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Brazil now has more Netflix subscribers than pay-TV households, according to Bernstein analysts. Here are 3 takeaways from their report about the key streaming market.

  • Bernstein analysts estimate that Brazil now has more Netflix subscribers than pay-TV households.
  • The country was a launchpad for Netflix as it expanded its streaming service from the US to much of the world.
  • Streaming rivals like Disney Plus and HBO Max plan to enter Brazil soon.
  • Business Insider broke down three takeaways from Bernstein's report about the streaming market in Brazil.
  • Visit Insider's homepage for more stories.

Analysts at the Wall Street firm Bernstein estimate that Brazil now has more Netflix subscribers than pay-TV households and is probably the streamer's second-largest market outside of the US.

Netflix doesn't break out subscribers by country. But Bernstein estimated in an August 28 report that the streaming giant had more than 17 million paying subscribers in Brazil as of June.

Netflix's Brazilian subscriber base surpassed the number of pay-TV households in the country around the same time, the report estimated. It'd mark a new milestone in the country, which has been losing pay-TV subscribers in recent years amid slowing economic growth, high unemployment, and, more recently, the coronavirus pandemic. 

By comparison, Netflix had more than 60 million paying subscribers in the US as of October, when it last broke out the region in its filings.

Netflix, the Bernstein analysts wrote, is winning in Brazil because it "provides a superior product at a quarter of the price of pay TV."

Netflix's milestone comes as other streaming services look to enter the market. Disney Plus plans to expand into Brazil in November, and HBO Max is eyeing an entry into Latin America.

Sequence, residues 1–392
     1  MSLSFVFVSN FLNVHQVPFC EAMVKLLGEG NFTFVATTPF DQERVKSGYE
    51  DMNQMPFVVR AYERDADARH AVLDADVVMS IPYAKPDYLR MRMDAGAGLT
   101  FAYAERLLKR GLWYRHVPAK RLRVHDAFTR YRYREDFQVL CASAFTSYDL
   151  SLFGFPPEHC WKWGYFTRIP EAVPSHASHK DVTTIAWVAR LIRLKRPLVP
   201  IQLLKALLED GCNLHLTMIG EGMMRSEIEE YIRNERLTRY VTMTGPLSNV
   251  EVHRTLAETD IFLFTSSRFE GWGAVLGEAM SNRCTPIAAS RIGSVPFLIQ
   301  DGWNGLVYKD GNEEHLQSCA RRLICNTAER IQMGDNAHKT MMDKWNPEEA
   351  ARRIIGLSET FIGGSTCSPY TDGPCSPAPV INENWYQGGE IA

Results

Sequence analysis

Here are three takeaways about Brazil's streaming market that we can glean from Netflix's dominance there, according to Bernstein, which has an outperform rating for Netflix based on its international growth prospects:

  • Brazil is a big potential market for streaming. Netflix built the market for streaming video in Brazil as the first major player to launch a subscription service in 2011. By 2017, Netflix reached roughly 6.5 million subscribers in Brazil and continued to grow from there. Competition from streamers like Amazon Prime Video and local player, Globoplay, didn't halt Netflix's growth in the region, which Bernstein wrote shows there's room for competition.
  • Audiences are willing to pay for streaming video. Netflix raised the price of its standard plan five times since its 2011 debut, up 37% in 2020 terms of the local currency. Netflix's growth in Brazil was "not achieved through cut-rate pricing," the report said. It also said rivals like Amazon Prime Video and Globoplay cost less than Netflix's standard plan in Brazil, which suggests Netflix is the benchmark for pricing in the country.
  • The most watched titles in Netflix Brazil are most commonly in English, followed by Spanish and Portuguese. On average, English-language programming filled six of the top 10 titles on Netflix Brazil each week between March and August, followed by Spanish-language and then Portuguese-language programming. It shows that local audiences are drawn to English-language programming, and that there may be more room for more local-language content. The findings are likely influenced by the makeup of Netflix's library.

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